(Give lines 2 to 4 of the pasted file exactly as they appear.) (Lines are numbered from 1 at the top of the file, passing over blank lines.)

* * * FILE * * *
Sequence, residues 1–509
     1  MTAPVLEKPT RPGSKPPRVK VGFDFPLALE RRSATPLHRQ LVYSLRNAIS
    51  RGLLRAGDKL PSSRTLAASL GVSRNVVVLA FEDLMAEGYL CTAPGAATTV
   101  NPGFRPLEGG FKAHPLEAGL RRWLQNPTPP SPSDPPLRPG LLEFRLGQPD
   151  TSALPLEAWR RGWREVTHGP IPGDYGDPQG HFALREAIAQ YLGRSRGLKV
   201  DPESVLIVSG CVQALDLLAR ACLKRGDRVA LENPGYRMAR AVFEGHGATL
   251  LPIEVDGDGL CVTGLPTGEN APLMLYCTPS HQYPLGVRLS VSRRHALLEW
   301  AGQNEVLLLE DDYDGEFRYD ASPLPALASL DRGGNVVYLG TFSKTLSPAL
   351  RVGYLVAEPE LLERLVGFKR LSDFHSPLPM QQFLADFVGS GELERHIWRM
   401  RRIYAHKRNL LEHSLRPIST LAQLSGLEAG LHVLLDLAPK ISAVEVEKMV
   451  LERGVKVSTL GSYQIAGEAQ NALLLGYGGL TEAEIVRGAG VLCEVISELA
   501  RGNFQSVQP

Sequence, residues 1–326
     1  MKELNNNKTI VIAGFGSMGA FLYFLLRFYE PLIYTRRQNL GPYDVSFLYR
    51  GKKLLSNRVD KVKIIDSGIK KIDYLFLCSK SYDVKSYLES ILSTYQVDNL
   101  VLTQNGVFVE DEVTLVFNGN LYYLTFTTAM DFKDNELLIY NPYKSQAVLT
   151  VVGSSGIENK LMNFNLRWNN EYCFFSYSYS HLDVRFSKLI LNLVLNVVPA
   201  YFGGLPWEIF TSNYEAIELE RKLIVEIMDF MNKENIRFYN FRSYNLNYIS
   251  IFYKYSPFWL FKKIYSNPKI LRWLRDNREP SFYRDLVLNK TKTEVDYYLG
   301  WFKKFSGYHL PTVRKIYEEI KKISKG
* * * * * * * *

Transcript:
     1  MTAPVLEKPT RPGSKPPRVK VGFDFPLALE RRSATPLHRQ LVYSLRNAIS
    51  RGLLRAGDKL PSSRTLAASL GVSRNVVVLA FEDLMAEGYL CTAPGAATTV
   101  NPGFRPLEGG FKAHPLEAGL RRWLQNPTPP SPSDPPLRPG LLEFRLGQPD